Ben Ho, a doctoral student in Christianity and theological studies at Chinese University of Hong Kong, said churches have continued “to play an assisting role for the protesters,” such as providing spaces where protesters can rest or offering spiritual counseling to both young people and their parents.
Christians also are using “soft” power to encourage the Hong Kong government to respond positively to the appeals of the people, he added. “For example, they organize various prayer assemblies and gatherings outside the government house at which Christians sang hymns and lamented for the current situation,” Ho told UM News in an email.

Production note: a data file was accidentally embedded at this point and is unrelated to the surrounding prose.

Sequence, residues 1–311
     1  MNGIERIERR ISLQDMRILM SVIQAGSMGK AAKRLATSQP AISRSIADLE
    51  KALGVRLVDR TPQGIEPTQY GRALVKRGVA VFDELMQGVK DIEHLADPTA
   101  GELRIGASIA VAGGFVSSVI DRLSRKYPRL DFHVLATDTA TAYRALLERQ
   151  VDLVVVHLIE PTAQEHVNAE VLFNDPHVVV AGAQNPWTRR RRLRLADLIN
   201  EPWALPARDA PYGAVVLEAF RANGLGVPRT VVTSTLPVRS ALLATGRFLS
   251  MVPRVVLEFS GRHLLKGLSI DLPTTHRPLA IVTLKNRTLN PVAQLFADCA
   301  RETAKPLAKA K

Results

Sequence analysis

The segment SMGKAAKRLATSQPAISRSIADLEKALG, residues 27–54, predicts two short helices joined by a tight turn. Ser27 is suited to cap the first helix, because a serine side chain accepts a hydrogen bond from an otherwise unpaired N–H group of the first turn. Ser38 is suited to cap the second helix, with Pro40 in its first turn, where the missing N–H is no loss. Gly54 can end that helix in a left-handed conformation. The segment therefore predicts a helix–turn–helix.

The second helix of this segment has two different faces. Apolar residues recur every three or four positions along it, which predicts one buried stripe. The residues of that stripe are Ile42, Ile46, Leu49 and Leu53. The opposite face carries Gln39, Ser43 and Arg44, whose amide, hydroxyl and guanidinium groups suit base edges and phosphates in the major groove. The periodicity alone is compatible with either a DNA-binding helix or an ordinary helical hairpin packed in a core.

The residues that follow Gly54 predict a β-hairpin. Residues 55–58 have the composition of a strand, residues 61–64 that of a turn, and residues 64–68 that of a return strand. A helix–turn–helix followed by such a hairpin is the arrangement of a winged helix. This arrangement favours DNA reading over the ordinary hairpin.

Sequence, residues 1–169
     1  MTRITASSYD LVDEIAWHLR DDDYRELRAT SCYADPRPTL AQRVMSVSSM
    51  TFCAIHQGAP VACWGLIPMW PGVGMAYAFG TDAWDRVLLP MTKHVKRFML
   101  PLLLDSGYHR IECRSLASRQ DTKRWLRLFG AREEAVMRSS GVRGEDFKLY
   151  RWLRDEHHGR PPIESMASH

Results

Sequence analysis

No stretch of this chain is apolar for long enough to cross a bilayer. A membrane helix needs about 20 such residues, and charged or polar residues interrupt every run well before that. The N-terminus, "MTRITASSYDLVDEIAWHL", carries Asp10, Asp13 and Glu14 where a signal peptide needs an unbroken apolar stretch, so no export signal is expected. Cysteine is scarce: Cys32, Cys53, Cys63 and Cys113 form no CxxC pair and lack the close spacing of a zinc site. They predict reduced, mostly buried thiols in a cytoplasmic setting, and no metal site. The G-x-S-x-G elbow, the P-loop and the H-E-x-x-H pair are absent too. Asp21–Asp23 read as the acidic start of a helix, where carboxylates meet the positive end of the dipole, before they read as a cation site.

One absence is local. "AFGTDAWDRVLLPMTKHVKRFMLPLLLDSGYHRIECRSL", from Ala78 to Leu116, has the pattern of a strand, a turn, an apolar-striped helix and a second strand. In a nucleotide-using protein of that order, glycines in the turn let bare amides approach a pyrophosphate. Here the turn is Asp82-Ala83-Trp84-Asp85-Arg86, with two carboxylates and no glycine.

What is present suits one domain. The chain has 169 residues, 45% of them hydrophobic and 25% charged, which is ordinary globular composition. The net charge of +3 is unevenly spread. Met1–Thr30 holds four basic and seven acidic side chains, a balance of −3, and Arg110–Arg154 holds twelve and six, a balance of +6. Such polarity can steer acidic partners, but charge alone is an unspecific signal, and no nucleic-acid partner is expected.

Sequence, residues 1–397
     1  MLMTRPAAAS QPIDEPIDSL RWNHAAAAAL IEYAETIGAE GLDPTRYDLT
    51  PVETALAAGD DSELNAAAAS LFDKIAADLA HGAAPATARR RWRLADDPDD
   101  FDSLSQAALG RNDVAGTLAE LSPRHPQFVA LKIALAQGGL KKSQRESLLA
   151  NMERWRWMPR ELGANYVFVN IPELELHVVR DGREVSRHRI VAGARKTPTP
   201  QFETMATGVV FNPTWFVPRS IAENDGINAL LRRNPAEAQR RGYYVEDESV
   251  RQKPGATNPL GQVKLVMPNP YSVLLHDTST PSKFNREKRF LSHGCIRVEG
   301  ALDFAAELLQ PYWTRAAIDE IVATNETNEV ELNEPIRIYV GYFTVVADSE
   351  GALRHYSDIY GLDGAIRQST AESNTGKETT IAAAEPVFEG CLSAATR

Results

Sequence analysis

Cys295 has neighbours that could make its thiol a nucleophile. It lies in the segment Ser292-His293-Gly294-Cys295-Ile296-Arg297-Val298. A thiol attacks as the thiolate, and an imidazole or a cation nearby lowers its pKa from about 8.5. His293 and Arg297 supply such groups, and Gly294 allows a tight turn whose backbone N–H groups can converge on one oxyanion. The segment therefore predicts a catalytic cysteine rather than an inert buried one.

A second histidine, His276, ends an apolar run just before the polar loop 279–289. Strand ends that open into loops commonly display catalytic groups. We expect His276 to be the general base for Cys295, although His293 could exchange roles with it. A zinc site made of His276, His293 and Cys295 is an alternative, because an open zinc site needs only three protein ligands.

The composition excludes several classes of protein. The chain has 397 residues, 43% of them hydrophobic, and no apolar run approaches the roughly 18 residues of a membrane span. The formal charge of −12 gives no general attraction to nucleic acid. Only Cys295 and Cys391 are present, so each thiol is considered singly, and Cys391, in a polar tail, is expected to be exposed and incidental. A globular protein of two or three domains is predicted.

The Methodist International Church, Hong Kong, has posted “A Prayer for Hong Kong” on its website, addressing both those “who carry the burden and responsibility of leadership at this time of tension and unrest” and “all who are disillusioned with the present and fearful for the future…”
“May we again learn to trust in you, Almighty God, for you will accomplish all things according to your good and holy purposes,” the prayer concludes.
The church also has a weekly prayer service at 6:30 p.m. Thursdays to pray for Hong Kong, welcoming “those who would be liked to prayed for or prayed with.”
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